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WIP

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Overview

Centralized configuration via mod-configuration is problematic from a security perspective. It provides a convenient mechanism for storing configuration, but the permission granularity is too coarse. Granting a user the ability to access an entry for one app means that they will also have access to ALL configuration entries.

One idea was proposed that all modules have a system interface which can be implement (or not), which presents a common interface for accessing configuration specific to various modules.  This means the clients (the UI for instance) are presented a common interface for getting configuration instead of each module doing it their own way.

The "Configuration" System Interface

Modules can choose to implement this multiple interface "configuration"

  • GET /configurations/entries
  • GET /configurations/entries/<id>
  • POST /configurations/entries
  • PUT /configurations/entries/<id>
  • DELETE /configurations/entries/<id>

Each of which would be protected by discrete permissions, e.g. mod-foo might have:

  • foo.configurations.collection.get,
  • foo.configurations.item.get (put/post/delete)

Storage Layer

TBD... Just because the configuration APIs are distributed doesn't mean the configuration information must be.  In the case of storage modules, they may choose to just store their configuration in postgres as doing so would probably require little effort.  For business logic modules, or modules which have specific needs (e.g. the configuration is sensitive and should be encrypted, etc.) could choose to use a central configuration module for storage.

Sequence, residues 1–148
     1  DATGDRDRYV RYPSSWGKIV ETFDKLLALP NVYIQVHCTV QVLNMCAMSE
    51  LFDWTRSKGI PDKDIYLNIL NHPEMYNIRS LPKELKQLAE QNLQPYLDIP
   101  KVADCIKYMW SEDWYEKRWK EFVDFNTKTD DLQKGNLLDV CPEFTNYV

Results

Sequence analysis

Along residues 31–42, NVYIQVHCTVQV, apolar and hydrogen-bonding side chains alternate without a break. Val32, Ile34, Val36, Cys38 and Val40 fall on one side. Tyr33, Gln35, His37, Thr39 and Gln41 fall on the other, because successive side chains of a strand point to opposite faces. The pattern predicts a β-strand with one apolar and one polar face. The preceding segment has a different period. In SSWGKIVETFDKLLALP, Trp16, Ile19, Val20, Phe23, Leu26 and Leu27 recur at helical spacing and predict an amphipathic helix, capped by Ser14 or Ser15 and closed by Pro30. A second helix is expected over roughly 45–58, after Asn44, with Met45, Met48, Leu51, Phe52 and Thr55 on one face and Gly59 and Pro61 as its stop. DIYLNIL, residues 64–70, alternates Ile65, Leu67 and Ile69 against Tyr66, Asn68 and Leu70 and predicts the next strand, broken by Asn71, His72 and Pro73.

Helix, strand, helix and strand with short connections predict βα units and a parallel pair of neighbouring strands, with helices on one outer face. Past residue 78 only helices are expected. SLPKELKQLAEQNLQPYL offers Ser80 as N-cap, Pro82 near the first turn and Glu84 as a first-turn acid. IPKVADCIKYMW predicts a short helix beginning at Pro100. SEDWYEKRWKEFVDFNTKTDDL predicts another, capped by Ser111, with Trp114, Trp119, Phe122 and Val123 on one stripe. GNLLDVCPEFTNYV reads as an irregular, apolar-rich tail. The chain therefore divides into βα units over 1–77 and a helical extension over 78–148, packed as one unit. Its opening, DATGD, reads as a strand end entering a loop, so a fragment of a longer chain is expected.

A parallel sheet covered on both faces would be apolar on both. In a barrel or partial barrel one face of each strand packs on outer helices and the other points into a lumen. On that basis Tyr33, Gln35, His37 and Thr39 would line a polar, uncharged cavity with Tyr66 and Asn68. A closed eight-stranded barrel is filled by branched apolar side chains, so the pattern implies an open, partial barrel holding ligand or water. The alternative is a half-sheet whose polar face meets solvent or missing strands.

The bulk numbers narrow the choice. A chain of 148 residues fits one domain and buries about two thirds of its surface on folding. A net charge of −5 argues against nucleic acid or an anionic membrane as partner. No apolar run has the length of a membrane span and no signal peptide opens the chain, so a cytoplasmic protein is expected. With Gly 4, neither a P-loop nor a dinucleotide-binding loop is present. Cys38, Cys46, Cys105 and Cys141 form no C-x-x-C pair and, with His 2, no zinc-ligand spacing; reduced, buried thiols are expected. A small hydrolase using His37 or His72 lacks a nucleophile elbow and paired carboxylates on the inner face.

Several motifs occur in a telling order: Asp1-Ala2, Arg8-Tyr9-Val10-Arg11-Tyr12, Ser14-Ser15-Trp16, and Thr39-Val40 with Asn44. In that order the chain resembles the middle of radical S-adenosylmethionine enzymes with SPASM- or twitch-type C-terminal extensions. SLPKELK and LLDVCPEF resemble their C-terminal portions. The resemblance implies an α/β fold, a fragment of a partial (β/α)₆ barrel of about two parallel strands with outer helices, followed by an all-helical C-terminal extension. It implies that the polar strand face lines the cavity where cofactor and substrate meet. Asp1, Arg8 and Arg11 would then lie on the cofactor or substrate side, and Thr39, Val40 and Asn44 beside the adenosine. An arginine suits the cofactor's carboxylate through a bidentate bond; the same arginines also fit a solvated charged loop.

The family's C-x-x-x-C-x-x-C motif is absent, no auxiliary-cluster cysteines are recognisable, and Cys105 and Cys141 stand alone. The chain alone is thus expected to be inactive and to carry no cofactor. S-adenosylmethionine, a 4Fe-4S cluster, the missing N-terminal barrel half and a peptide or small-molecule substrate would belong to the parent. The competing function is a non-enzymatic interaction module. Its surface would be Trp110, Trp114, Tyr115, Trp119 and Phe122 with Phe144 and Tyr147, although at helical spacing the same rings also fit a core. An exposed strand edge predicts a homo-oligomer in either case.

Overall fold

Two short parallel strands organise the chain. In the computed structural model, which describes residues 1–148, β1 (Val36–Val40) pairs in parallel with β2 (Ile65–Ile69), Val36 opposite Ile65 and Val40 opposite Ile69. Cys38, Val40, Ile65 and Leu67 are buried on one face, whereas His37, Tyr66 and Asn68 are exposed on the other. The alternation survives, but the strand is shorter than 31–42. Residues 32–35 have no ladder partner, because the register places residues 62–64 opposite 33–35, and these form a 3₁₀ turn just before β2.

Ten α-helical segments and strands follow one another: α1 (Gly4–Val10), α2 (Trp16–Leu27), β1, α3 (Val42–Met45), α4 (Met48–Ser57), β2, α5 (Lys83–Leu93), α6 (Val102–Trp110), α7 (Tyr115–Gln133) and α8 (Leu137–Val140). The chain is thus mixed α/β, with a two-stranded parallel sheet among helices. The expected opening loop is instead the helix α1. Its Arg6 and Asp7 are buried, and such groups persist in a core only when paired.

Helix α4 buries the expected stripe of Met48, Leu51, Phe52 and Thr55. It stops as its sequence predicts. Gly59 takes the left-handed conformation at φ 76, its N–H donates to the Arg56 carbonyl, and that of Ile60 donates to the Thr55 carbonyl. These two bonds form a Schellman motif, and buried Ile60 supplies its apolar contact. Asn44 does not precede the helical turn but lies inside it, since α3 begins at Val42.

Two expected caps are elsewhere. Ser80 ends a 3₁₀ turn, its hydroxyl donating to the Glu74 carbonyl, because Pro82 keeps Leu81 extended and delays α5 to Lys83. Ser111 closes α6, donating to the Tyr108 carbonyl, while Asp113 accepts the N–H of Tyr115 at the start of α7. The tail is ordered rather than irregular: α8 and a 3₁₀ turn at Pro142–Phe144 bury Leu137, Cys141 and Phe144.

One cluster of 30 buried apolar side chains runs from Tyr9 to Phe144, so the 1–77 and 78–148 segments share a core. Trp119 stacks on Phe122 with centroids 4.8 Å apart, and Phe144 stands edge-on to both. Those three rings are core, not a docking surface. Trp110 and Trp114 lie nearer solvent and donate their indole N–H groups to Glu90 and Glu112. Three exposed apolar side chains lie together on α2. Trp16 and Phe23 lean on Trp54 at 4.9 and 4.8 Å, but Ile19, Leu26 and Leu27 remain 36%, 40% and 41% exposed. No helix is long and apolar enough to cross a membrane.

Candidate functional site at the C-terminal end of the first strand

Here's where it might make sense to pull in additional technologies that are better suited to these requirements.  See the Technologies section below.  Having a module that presents a common interface in front of these technologies which is used internally (i.e. intended to be called only by other modules, not directly by clients) is an option that provides flexibility and opens the door to many potential benefits.

mod-configuration-storage

  • Implements the configuration interface, or something that looks very similar.
  • Uses a java interface to allow developers to add support for various underlying storage technologies - Maybe the default is just postgresql?
  • Could enable multiple storage technologies, and the ability for the client to specify which storage they want to use...
    • This should be implemented via something like attributes so that the client doesn't need to know which storage technologies are available... just that there's one that has the attributes it cares about.
      • For instance - store this thing somewhere that's "secure".  The module then looks for a configured storage that has the "secure" attribute, and stores it there. 
      • We'd have to allow for the administrator/operator to specify an order of precedence to help the module choose the right one in some cases.

Configuration

  • Via json and/or properties config file(s)...
  • System property:  -DstorageConfigs=vault-config.properties,postgres-config.json

    • postgres-config.json:

      {
        "host":"localhost",
        "port":5432,
        "username":"folio",
        "password":"letmein",
        "database":"folio"
      }
    • vault-config.properties: 

      # Used by the factory class to match impl w/ config
      type=vault
      
      # the address of your vault
      # Default: http://127.0.0.1:8200
      address={VAULT_ADDR}
      
      # whether or not to use SSL [true|false]
      # Default: false
      enableSSL=true
      #